All the Names They Used for God: Stories, by Anjali Sachdeva

Reviewed by Jennifer Spiegel


(Spiegel & Grau, 2018)

This debut short story collection is hypnotizing, lovely, and a relief. As a reader, I found myself exhaling slowly, sucking in air comfortably, trusting in Sachdeva’s authorial control.

The stories are original, unusual (Kelly Link is oft mentioned in comparison). There’s weird stuff: women alone on the range or the prairie or wherever that is, struggling with winter and food and underground crystalline worlds; explorers of ancient ruins—part Indiana Jones and part Old Maid Daughter; girls kidnapped from their African villages and made into sex slaves in the name of Allah; a fisherman mesmerized by a shark-loving mermaid; snot glob-like aliens who replace human limbs with forks. Each one is beautifully written.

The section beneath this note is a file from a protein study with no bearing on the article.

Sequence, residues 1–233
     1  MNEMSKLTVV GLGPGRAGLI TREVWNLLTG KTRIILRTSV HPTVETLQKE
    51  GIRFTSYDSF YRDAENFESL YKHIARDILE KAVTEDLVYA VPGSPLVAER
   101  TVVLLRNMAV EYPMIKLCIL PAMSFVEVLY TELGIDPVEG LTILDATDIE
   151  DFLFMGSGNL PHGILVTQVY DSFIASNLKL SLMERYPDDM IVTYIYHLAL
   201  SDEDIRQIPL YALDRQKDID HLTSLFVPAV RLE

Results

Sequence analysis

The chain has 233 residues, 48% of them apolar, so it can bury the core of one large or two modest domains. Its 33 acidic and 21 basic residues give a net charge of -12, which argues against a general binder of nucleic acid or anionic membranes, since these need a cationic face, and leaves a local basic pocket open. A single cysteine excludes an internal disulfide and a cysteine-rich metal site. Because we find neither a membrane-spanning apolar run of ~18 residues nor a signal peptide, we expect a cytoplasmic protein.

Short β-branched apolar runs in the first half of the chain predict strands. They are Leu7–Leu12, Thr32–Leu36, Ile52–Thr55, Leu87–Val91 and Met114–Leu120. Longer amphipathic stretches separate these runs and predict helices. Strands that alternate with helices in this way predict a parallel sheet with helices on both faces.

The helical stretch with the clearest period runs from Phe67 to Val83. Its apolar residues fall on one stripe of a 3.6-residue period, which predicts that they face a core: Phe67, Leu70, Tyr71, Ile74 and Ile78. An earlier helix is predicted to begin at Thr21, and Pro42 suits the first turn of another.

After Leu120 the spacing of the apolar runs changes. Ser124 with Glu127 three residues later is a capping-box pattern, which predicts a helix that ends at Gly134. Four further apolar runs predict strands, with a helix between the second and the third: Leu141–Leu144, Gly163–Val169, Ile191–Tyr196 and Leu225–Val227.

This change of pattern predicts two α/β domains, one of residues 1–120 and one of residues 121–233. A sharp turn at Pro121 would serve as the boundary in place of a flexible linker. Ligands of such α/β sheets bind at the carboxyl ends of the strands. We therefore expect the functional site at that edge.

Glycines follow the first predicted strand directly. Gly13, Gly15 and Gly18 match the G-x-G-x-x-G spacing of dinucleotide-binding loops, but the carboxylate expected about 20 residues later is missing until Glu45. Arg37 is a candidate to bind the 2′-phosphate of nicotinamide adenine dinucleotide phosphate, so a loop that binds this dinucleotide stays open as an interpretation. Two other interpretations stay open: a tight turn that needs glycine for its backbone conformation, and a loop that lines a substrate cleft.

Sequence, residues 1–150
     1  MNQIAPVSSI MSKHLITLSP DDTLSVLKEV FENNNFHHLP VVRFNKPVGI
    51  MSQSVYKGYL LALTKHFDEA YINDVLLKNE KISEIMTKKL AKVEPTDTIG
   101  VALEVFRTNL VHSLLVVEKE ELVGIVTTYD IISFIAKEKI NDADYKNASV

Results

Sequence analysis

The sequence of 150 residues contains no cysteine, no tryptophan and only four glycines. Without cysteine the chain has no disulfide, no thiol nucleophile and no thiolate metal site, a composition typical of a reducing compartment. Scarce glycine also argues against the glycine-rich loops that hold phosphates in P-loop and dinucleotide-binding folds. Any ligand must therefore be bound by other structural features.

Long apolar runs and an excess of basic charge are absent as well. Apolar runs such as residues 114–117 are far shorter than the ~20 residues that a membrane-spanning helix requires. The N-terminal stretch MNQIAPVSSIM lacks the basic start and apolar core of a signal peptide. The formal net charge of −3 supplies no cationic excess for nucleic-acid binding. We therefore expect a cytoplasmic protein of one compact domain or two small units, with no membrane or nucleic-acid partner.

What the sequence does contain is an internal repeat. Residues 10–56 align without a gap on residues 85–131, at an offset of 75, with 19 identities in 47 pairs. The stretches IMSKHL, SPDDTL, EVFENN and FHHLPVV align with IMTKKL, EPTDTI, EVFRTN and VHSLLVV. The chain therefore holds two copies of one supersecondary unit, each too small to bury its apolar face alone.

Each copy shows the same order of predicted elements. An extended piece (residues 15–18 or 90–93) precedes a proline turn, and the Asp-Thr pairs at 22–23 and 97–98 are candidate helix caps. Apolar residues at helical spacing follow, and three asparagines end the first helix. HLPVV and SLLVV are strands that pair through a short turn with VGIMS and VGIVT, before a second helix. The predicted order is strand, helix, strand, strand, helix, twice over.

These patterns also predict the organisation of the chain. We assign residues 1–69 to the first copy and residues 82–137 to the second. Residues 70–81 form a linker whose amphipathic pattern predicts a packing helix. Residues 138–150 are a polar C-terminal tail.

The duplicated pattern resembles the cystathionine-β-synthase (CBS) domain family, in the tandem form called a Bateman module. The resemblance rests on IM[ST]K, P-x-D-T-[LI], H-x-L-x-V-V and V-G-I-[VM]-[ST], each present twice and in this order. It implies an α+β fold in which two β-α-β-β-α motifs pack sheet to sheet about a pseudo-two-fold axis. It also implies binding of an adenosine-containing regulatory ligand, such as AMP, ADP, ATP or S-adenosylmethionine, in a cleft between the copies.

Here’s a lovely quote in a book of many lovely quotes: “The shark was a solid whip of muscle, carelessly lethal, and his presence transformed the drab green of the northern sea into a place she longed for even though she could not properly recall it. He dove deeper; the water changed from green to gray to nearly black, and eventually the mermaid left him and spiraled away on her own.”

Sachdeva’s imagery was the big draw for me, though her originality is also notable. Anthony Doerr, who wrote his own super beautiful book (All The Light We Cannot See) blurbs that he looks forward to reading her future stuff. I’d definitely second that.

Jennifer Spiegel is the author of three books, The Freak Chronicles (stories),  Love Slave (a novel), and And So We Die, Having First Slept (forthcoming from Five Oaks Press). She’s also half of the book-reviewing gig, Snotty Literati.


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